PaddingPadding an image is adding a border around it. This can be necessary for a number of reasons:
- The image is going to be rotated and you do not want the corners to be cut off.
Quite some operations in Huygens Pro are based on Discrete Fourier Transforms (DFT). The use of these has many advantages but also results in the need to change the image size to avoid:
- One or more dimensions of the image hamper efficient computation of its Fourier transform. Dimensions which allow efficient computation of the DFT are composed of small primes like 2, 3, 5, 7, depending on the type of DFT.
- 'Wrap around' effects which are caused by the property of DFTs that the image is interpreted as periodic, i.e. the image is continued on all sides by exact copies of itself.
The borders are usually filled to allow for a smooth transition when going from one side of the padded image to the opposing side.
In Huygens Essential padding occurs automatically during the Image Restoration if necessary. In Huygens Professional, the user has more control on the padding, see below.
Padding and restoration functionsAll restoration functions use padding. The type of padding actually used depends on the microscope type and on whether the border is in the lateral or axial direction. Different padding strategies can be chosen:
- AUTOMATIC: The padding depends on the image size and microscope type.
- OFF (parent): Takes the size of the parent image, so in fact no padding is made. If the sizes can be factored into small primes, powers of 2, and the object in the image is surrounded by empty space, OFF can very well be used.
- PADDED PARENT: In this mode extra volume is added to the image. The border size computed by the software is a trade-off between FFT compute efficiency and the size of the original image. The size of the border therefore depends on the size of the original image.
- FULLY PADDED PARENT: This mode is especially relevant for widefield images; for other microscope types it is equivalent to PADDED PARENT.
Padding and Widefield imagesIn restoring Widefield images the software must remove the contributions (blur!!!) of all XY slices of the object to each slice of the object. This means that to compute the top slice of the object everything below must be taken into account, using the bottom half of the PSF. For the bottom part of the object the top part of the PSF is needed. Thus the full PSF must be twice as high as the object. Worst case the object is just contained in the image, so in that case the PSF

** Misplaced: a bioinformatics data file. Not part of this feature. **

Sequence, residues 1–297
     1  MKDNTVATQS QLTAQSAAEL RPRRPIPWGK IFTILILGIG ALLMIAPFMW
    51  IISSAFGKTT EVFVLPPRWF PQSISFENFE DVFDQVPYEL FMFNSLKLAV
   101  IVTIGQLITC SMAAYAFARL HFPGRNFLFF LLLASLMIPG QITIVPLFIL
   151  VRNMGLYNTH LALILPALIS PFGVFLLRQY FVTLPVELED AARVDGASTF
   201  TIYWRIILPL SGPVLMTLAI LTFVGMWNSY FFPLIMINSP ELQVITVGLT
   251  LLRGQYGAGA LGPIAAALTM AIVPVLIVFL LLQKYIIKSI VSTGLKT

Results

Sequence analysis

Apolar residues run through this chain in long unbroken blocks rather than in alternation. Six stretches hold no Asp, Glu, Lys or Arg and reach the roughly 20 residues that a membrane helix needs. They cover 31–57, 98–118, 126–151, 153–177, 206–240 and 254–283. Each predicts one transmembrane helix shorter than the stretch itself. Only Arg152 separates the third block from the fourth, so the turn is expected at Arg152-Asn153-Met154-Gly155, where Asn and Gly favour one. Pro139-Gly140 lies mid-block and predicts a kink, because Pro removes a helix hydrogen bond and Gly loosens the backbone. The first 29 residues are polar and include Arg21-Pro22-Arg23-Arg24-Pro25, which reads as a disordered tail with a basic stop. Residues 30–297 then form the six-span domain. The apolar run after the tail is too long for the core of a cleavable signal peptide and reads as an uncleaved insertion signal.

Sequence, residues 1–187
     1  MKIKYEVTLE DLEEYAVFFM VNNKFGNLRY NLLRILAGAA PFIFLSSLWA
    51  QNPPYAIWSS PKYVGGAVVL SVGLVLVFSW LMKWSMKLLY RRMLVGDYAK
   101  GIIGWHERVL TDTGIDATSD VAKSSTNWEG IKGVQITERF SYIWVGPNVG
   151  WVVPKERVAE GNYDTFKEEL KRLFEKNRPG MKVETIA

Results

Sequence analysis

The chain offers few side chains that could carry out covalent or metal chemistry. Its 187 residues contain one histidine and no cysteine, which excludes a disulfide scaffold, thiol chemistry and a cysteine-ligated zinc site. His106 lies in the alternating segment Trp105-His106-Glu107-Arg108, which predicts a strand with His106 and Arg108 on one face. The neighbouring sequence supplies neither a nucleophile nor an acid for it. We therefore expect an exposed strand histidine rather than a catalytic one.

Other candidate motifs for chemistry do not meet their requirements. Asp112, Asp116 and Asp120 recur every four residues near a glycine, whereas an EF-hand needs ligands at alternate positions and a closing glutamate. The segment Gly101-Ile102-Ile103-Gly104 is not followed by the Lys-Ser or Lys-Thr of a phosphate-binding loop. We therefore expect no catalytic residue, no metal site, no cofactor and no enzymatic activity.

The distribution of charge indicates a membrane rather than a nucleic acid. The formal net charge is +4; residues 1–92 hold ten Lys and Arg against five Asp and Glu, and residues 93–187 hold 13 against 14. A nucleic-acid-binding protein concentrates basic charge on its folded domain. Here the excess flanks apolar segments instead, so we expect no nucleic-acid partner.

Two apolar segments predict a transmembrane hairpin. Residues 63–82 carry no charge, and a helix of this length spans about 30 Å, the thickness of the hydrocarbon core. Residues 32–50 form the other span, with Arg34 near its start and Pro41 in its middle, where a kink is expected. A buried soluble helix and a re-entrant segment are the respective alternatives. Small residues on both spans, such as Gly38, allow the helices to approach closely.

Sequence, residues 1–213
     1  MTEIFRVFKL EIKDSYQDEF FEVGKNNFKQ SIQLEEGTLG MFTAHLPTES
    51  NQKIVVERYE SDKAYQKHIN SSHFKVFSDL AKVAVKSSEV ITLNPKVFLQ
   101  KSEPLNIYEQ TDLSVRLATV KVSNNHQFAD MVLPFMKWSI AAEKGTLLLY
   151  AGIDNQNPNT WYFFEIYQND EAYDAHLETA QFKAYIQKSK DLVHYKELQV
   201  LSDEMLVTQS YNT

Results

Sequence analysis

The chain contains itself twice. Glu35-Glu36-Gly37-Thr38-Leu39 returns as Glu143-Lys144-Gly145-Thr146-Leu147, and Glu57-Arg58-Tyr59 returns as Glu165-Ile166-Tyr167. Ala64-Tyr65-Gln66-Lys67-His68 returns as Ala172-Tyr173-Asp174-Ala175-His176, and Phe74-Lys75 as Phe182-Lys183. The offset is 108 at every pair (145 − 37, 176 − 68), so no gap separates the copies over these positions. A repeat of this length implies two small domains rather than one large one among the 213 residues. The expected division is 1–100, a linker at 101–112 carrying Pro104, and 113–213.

must be twice as high as the image. Since the use of Fourier transforms requires the PSF and the image to be of the same size the image must be padded to double its size. In practice however, objects are usually generously contained in the image. In that case the AUTOMATIC padding mode will be sufficient.
Manual paddingThe Add/Remove border function allows you to add padding manually. Filling mode and shape can be controlled manually. The size of the pads can be computed automatically or be set manually.
Shallow pancake imagesIf images with a low number of XY planes are padded the padding in the Z-direction will significantly increase the data size. If the image is already large with respect to the available system resources it is usually a good idea to do manual padding to avoid a prime number in the Z-dimension. However, widefield images should not be padded manually.
Filling modeAdded borders can be filled in the following manners:
- Empty (default)
- Linear. Linear interpolation is used between the value of the first original image voxels in both directions perpendicular to the border.
- Quadratic. The voxel value is determined by quadratic interpolating in a direction perpendicular to the border between a control point with value zero and the nearest original image voxel. When Shape scale set to 1.0 the control point is at the padded image border. In that case the interpolated voxel values follow a parabolic shape from zero at the edge to the value of the nearest original image voxel. In the case with Shape scale > 1.0 the parabolas overlap and the contributions from both sides are summed.
- Sinusoid. The contributions of the nearest voxel values are now weighted with a cos^2>(x) function, with x = (π/2 * distance)/(total border size). This ensures a very smooth fit.
- Gaussian. Same as above but now using a Gaussian weighting function. Shape scale controls the width of the Gaussian; with Shape scale = 1.0 the Gaussian weighting function is 1/e at the borders of the padded image.